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The goal of this section is to give app developer a good idea what keys there are used in the system. For a detailed description head over to the protocol specification.

Each account in Aztec is backed by 4 key pairs:

  • A nullifier key pair used for note nullifier computation, comprising the master nullifier secret key (nsk_m) and master nullifier public key (Npk_m).
  • A incoming viewing key pair used to encrypt a note for the recipient, consisting of the master incoming viewing secret key (ivsk_m) and master incoming viewing public key (Ivpk_m).
  • A outgoing viewing key pair used to encrypt a note for the sender, includes the master outgoing viewing secret key (ovsk_m) and master outgoing viewing public key (Ovpk_m).
  • A tagging key pair used to compute tags in a tagging note discovery scheme, comprising the master tagging secret key (tsk_m) and master tagging public key (Tpk_m).

All key pairs above are derived from a secret using a ZCash inspired scheme defined in protocol specification.


Additionally, there is typically a signing key pair which is used for authenticating the owner of the account. However, since Aztec supports native account abstraction this is not defined in protocol. Instead it's up to the account contract developer to implement it.

Public keys retrieval

The keys can either be retrieved from a key registry contract or from the Private eXecution Environment (PXE).


The key registry is a canonical contract used to store user public keys. Canonical in this context means that it is a contract whose functionality is essential for the protocol. There is 1 key registry and its address is hardcoded in the protocol code.

To retrieve them a developer can use one of the getters in

trait KeyGetters {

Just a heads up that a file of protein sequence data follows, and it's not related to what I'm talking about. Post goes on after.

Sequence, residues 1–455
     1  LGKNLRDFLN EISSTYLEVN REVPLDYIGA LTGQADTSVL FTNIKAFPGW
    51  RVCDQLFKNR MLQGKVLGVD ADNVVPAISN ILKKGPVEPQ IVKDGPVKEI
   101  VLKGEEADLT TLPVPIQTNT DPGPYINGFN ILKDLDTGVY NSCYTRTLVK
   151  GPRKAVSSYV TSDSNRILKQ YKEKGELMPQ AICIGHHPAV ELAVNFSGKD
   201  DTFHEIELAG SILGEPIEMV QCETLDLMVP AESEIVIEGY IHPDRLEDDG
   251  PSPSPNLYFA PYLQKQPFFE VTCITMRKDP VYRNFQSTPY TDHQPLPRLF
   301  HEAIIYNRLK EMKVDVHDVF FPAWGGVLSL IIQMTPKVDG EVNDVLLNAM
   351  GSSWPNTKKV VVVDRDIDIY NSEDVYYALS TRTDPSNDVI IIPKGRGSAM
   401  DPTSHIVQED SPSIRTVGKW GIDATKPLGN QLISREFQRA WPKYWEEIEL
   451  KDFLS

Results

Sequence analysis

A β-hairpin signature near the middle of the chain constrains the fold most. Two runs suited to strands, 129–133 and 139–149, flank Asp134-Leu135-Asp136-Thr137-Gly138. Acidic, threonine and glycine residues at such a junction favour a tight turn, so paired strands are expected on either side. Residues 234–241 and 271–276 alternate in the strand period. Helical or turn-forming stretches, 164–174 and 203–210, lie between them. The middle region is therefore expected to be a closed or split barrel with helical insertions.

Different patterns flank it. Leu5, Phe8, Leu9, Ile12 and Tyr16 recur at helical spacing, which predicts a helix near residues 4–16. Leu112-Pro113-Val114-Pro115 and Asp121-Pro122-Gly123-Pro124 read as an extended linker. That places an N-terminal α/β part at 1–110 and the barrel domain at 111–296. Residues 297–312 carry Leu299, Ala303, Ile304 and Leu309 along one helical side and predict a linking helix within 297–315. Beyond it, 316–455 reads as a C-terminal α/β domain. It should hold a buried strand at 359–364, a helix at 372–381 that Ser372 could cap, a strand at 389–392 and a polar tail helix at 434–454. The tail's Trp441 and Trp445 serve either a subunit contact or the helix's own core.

fn get_npk_m(header: Header, context: &mut PrivateContext, address: AztecAddress) -> GrumpkinPoint;
fn get_ivpk_m(header: Header, context: &mut PrivateContext, address: AztecAddress) -> GrumpkinPoint;
fn get_ovpk_m(header: Header, context: &mut PrivateContext, address: AztecAddress) -> GrumpkinPoint;
fn get_tpk_m(header: Header, context: &mut PrivateContext, address: AztecAddress) -> GrumpkinPoint;
fn get_npk_m_hash(header: Header, context: &mut PrivateContext, address: AztecAddress) -> Field;

impl KeyGetters for Header {
fn get_npk_m(self, context: &mut PrivateContext, address: AztecAddress) -> GrumpkinPoint {
get_master_key(context, address, NULLIFIER_INDEX, self)

fn get_ivpk_m(self, context: &mut PrivateContext, address: AztecAddress) -> GrumpkinPoint {
get_master_key(context, address, INCOMING_INDEX, self)

fn get_ovpk_m(self, context: &mut PrivateContext, address: AztecAddress) -> GrumpkinPoint {
get_master_key(context, address, OUTGOING_INDEX, self)

fn get_tpk_m(self, context: &mut PrivateContext, address: AztecAddress) -> GrumpkinPoint {
get_master_key(context, address, TAGGING_INDEX, self)

fn get_npk_m_hash(self, context: &mut PrivateContext, address: AztecAddress) -> Field {
get_master_key(context, address, NULLIFIER_INDEX, self).hash()
Source code: noir-projects/aztec-nr/aztec/src/keys/

If the keys are registered in the key registry these methods can be called without any setup. If they are not there, it is necessary to first register the user as a recipient in our PXE.

First we need to get a hold of recipient's complete address. Below are some ways how we could instantiate it after getting the information in a string form from a recipient:

// Typically a recipient would share their complete address with the sender
const completeAddressFromString = CompleteAddress.fromString(

// Alternatively, a recipient could share the individual components with the sender
const address = Fr.fromString('0x09bc7031bb21627cce6aac1dc710ecc92acd8475149c530a4bb57df63d9d6fe9');
const npkM = Point.fromString(
const ivpkM = Point.fromString(
const ovpkM = Point.fromString(
const tpkM = Point.fromString(

const partialAddress = Fr.fromString('0x10040d791aeb30138efc9c7d36b47684af2f26f686672448349f05934ae7bbbf');

const completeAddressFromComponents = new CompleteAddress(
new PublicKeys(npkM, ivpkM, ovpkM, tpkM),
Source code: yarn-project/circuits.js/src/structs/complete_address.test.ts#L38-L66

Then to register the recipient's complete address in PXE we would call registerRecipient PXE endpoint using Aztec.js:

await pxe.registerRecipient(completeAddress);
Source code: yarn-project/aztec.js/src/wallet/create_recipient.ts#L11-L13

During private function execution these keys are obtained via an oracle call from PXE.

Key rotation

To prevent users from needing to migrate all their positions if some of their keys are leaked we allow for key rotation. Key rotation can be performed by calling the corresponding function on key registry. E.g. for nullifier key:

await keyRegistry
.methods.rotate_npk_m(wallets[0].getAddress(), firstNewMasterNullifierPublicKey, Fr.ZERO)
Source code: yarn-project/end-to-end/src/e2e_key_registry.test.ts#L153-L159